The click is pleasant, even if it seems a little superficial compared to the others offered. Overall, the feel of the Switch is a bit hollow, as it is with the optics. I experienced the same with the Razer Huntsman Mini, for example, which has the same type of switches inside.

Close-up on the D-Pad

The RX Blue’s 65g actuation force makes them quite heavy, but for a typist they feel great. Just beware of the slightly shorter-than-expected travel feel and loudness associated with clickable switches in general.

There is no sign that these have the adjustable points of the Huntsman V2 Analog or the SteelSeries Apex Pro, which tie the Claymore a bit in comparison. However, its 1.5mm actuation makes it faster than more standard keyboards, reducing the stroke required for inputs.

The Claymore II is cordless, with a decent 43 hours of battery life with full RGB quality, or 144 hours with the lights off. For a full game board, that’s great, practically eating up the living competition – it beats Razer’s premium wireless offering four times with full RGB turned on.

Asus ROG Claymore II with modular numeric keypad on the left

Charging is provided by a USB-C connector, making this new Claymore one of the most avant-garde keyboards. It has a USB-A passthrough that requires power, but can be used to plug in a mouse, an external hard drive, or maybe your phone for charging.

There’s also the usual 1ms response time thanks to the Claymore’s zero-latency wireless connection, blurring the lines between a wired and wireless experience.

  • Relatively bright RGB lighting
  • ROG Armory provides the usual customization options
  • Wireless Aura Sync works well

Overall, the Claymore II backlight is pretty good, helped both by the clear switch housings and being quite bright. It’s not on the same level as Razer, however. Asus’ lighting was a bit dim right out of the box, but that can of course be adjusted through the included Armory software.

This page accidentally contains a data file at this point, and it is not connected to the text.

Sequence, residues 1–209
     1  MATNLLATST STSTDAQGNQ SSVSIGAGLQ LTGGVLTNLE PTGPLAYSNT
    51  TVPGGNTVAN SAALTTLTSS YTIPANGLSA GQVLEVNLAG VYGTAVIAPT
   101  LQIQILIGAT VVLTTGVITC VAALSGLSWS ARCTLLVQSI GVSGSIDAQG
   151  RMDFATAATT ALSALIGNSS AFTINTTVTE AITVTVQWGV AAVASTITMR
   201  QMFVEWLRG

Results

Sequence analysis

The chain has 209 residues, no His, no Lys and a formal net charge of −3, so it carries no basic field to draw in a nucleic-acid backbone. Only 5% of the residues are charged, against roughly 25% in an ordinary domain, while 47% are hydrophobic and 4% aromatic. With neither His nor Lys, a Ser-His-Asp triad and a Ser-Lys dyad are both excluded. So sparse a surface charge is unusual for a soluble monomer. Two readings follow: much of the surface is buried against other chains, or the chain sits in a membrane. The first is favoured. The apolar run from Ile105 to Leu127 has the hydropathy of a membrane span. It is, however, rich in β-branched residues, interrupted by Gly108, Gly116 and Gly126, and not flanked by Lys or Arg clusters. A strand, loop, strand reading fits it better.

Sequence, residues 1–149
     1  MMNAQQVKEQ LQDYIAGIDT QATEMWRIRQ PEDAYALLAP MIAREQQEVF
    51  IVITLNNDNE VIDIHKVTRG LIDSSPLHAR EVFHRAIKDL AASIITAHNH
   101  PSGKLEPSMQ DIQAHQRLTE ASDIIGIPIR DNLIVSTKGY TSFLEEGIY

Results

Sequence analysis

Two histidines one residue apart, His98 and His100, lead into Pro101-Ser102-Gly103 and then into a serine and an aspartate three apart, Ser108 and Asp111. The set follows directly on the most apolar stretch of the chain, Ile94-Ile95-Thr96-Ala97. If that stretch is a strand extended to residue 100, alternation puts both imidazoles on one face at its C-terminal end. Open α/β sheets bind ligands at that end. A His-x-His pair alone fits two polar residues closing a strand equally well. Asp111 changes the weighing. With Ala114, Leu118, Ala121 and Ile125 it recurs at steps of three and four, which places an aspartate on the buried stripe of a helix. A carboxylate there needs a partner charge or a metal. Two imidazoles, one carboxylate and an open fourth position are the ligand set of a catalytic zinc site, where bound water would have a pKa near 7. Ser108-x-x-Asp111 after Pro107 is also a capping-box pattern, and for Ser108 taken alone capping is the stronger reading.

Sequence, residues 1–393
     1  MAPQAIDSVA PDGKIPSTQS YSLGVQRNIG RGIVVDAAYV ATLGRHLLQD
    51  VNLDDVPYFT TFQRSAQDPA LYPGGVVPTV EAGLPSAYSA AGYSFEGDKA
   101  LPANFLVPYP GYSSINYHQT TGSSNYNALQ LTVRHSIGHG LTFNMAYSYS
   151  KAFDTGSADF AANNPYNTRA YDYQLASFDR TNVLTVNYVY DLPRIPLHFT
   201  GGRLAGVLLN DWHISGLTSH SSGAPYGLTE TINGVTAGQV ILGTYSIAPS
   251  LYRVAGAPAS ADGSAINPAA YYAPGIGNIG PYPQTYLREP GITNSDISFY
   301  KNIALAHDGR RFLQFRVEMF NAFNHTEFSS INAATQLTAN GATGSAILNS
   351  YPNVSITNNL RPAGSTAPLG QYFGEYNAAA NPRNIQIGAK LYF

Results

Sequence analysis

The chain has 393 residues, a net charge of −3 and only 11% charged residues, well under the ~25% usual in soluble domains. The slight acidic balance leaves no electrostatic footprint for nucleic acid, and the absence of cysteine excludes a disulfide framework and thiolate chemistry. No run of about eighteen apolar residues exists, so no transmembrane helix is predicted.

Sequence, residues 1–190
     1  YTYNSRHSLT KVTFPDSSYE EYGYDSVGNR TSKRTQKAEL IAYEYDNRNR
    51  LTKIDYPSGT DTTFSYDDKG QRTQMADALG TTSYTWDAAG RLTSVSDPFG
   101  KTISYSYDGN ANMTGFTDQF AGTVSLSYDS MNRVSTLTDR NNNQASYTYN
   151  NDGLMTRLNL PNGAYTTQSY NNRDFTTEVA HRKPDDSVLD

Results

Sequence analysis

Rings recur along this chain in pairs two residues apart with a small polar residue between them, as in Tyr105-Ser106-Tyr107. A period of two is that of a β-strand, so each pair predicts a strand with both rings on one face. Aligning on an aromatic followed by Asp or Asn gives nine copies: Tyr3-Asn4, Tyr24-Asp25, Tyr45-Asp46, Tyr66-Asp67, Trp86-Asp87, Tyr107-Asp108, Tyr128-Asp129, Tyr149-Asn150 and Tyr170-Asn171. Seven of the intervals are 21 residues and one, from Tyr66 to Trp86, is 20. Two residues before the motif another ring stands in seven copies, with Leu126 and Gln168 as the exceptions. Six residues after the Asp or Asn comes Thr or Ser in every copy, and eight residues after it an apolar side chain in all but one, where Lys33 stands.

Asus ROG Claymore II lighting

ROG Armory can be quite handy for the usual macro-customization and backlight preset options. However, even alongside Roccat’s Swarm and in particular Corsair’s iCue and Razer Synapse 3, it feels a bit stripped down for general functionality, and its layout isn’t as intuitive or slick.

What the Claymore II has on its side is a wireless version of Asus’ Aura Sync lighting, which means the device’s lighting is synced even over a wireless connection. This could be especially useful if the Claymore is paired with the wireless variant of the Asus Gladius III mouse, for example.

Should we buy it?

If you want one of the best wireless gaming keyboards on the market:
The Asus ROG Claymore II is a fantastic gaming keyboard, with top notch performance. Its modular design also allows you more flexibility for your setup.

If you are looking for a good deal:
Unless you have £ 250 spare this is to be avoided. It’s incredibly expensive, especially since you can still get great gaming keyboards for half the price.

Verdict

For those with a lot of money to spend on a wireless gaming keyboard, the Claymore II is a very good option. Its modular design is excellent and it offers brilliant autonomy. However, its cost is a big scarecrow, especially since it lacks analog switches found at similarly priced rivals.

Faq

Is it noisy?

It is rather noisy. If you want something quiet you better look elsewhere.

Is it mechanical?

Yes, it has mechanical switches.

Is there any additional software?

Yes, customization is offered through ROG Armory.

Full specification title

Maker

RRP in UK

Recommended US price

EU RRP

Size (Dimensions)

Weight

Release date

Date of first review

Ports

Connectivity

Switch type

Number of macro keys

Battery length

Jargon hunter

Opto-mechanical switches

Mechanical key switches that operate through lasers as opposed to traditional springs

Modular

A device that comes with various removable parts. Usually coined as different “modules”.

Keyless (TKL)

A keyboard layout that does not include the additional numeric keypad.